It's far better to buy a wonderful company at a fair price than a fair company at a wonderful price.
Wells Fargo (NYSE:WFC) fits this criteria and belongs in any long-term investor's portfolio.
WFC is one of the largest banks in the world. Based on assets, WFC is the world's 23rd largest bank. However, when looking at market cap, WFC jumps on the list into the top five in the world and number one among U.S. banks easily surpassing the likes of JP Morgan Chase (NYSE:JPM), Citigroup (NYSE:C), and Bank of America (NYSE:BAC). Despite being "smaller" than a lot of other banks, WFC has achieved greater shareholder value because it is a wonderful company, not a fair one. Investors can learn more about the character of WFC by looking at the company's storied history. WFC's history is so storied that it actually has 9 museums of its own.
- 1852: Henry Wells and William Fargo founded Wells, Fargo & Co. to serve the West. The new company offered banking (buying gold, and selling paper bank drafts as good as gold) - and express (rapid delivery of the gold and anything else valuable).
- Wells Fargo opened for business in the gold rush port of San Francisco, and soon Wells Fargo's agents opened offices in the other new cities and mining camps of the West. In the boom and bust economy of the 1850s, Wells Fargo earned a reputation of trust by dealing rapidly and responsibly with people's money. In the 1860s, it earned everlasting fame - and its corporate symbol - with the grand adventure of the overland stagecoach line.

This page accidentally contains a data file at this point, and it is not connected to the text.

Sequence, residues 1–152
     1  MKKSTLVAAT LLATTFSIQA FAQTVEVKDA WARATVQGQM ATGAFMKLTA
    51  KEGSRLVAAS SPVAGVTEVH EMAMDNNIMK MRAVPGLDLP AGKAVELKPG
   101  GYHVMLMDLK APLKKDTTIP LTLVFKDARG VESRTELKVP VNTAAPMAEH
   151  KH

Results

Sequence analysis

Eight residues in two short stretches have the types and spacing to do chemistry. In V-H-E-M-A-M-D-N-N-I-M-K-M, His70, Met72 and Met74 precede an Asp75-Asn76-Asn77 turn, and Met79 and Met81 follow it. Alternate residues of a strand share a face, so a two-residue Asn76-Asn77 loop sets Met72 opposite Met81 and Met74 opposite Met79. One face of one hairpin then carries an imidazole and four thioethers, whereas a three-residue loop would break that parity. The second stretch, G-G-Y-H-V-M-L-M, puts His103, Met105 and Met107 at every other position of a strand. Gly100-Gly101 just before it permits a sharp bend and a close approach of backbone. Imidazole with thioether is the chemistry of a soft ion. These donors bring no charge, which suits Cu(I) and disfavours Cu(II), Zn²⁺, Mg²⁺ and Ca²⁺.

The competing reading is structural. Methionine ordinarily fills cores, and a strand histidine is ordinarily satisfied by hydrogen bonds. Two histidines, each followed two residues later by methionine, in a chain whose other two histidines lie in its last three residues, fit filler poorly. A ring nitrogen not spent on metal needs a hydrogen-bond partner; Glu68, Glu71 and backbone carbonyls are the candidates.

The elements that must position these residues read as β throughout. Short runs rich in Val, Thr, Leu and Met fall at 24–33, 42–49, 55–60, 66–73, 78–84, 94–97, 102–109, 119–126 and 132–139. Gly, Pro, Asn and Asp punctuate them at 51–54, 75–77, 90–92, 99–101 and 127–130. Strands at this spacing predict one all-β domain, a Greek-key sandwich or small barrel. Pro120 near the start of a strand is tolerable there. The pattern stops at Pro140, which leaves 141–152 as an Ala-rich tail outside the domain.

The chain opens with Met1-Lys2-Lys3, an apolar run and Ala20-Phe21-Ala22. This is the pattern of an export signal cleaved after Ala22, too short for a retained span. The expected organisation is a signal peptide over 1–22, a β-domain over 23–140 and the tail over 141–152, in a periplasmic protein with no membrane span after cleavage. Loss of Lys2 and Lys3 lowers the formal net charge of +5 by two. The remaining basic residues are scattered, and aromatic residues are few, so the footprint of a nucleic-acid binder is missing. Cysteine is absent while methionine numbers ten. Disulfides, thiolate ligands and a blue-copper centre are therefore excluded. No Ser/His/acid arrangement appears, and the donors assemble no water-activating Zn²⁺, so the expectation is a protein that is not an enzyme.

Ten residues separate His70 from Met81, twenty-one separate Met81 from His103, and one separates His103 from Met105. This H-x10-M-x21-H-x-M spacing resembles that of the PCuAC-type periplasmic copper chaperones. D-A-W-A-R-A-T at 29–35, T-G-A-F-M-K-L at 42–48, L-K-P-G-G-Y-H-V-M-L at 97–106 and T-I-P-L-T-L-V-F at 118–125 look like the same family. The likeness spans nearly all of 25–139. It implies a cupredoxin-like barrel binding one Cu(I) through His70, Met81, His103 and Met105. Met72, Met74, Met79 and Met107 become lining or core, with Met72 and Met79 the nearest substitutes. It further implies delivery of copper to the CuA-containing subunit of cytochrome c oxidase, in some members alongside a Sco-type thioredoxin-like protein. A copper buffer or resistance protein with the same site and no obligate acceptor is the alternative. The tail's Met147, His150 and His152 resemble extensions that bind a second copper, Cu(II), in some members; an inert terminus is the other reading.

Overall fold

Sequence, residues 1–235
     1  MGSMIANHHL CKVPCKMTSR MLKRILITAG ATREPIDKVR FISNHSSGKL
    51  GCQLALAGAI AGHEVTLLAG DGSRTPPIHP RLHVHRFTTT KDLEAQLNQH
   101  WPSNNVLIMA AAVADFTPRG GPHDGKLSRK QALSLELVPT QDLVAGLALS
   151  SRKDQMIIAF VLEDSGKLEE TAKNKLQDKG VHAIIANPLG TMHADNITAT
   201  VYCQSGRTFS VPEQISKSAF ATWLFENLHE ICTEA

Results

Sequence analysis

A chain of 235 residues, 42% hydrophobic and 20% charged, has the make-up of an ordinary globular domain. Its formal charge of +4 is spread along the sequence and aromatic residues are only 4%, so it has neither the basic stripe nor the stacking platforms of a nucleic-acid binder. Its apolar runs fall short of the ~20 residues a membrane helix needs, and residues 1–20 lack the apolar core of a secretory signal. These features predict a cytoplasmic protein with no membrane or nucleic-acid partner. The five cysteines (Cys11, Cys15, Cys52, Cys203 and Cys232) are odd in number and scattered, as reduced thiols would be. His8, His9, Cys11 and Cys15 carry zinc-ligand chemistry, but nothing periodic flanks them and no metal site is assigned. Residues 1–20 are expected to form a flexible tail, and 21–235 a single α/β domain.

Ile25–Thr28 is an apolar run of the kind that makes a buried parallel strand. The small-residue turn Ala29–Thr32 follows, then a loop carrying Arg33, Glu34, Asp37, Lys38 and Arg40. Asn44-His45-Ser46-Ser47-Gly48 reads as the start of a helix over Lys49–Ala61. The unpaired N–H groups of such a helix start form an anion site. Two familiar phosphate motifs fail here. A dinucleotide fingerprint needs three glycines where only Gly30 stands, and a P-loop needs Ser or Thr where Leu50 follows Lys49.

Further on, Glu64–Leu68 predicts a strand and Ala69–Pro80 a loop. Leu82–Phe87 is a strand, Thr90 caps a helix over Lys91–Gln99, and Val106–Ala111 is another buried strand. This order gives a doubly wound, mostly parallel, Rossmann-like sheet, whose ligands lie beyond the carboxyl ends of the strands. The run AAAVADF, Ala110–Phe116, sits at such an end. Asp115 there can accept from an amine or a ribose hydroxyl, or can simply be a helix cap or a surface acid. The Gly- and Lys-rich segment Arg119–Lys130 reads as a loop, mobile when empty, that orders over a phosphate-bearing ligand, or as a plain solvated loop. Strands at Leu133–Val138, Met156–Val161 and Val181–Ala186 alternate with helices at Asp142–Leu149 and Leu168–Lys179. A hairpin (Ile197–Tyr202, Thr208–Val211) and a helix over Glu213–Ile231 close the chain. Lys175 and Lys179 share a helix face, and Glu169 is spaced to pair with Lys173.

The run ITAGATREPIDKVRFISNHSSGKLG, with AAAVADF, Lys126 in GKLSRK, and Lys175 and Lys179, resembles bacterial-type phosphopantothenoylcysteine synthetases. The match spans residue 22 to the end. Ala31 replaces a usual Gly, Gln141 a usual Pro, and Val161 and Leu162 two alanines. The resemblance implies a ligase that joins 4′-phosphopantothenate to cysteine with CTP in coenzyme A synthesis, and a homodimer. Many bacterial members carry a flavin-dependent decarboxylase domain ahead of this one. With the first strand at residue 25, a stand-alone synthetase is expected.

- 1910: The Company's network linked 6,000 locations, including new offices in the Upper Midwest and Great Lakes regions.
- 1918: Wells Fargo was part of 10,000 communities across the country. That year, however, the federal government took over the nation's express network as part of its effort in the First World War. Wells Fargo was left with just one bank in San Francisco.
- Through the 20th Century Wells Fargo rebuilt from just one office in San Francisco. From 1905 to 1923 it was a premier downtown San Francisco institution. Expanding in 1923 to two marbled banking halls, Wells Fargo was a "banker's bank" that served all the west.
- In 1960s prosperity, Wells Fargo became a northern California regional bank with branch offices everywhere people lived and played, from the coast to the mountains. In the 1980s Wells Fargo expanded into a state-wide bank and became the seventh largest bank in the nation - and launched its online service.
Of course, there is one additional, more recent, transformational, event which must be mentioned and that is WFC's acquisition of Wachovia for $15.1 billion in 2008. I think it is fair to say that this aggressive move has paid off quite well for WFC. A prime example of this is the company's record setting earnings. While most financial companies have recovered from the 2008 meltdown, few have been able to report record earnings. This is a testament to the strength of WFC and its management.
As shown by the chart below, with a price to book value of 1.25, it is difficult to argue that WFC is cheap when compared to its peers such as JP Morgan, Citigroup, and Bank of America. Clearly, for those looking to buy a "cheap" bank stock WFC is not the answer. However, for those looking to buy a high quality company, especially a bank, WFC must be considered. While WFC might not be cheap, especially compared to other banks, it is also difficult to say WFC is overvalued. In the past, as shown below, WFC had traded at more than 2.5 times book value. It should be noted that, when WFC traded at 2.5 times book value, that valuation also represented a significant premium to its peers.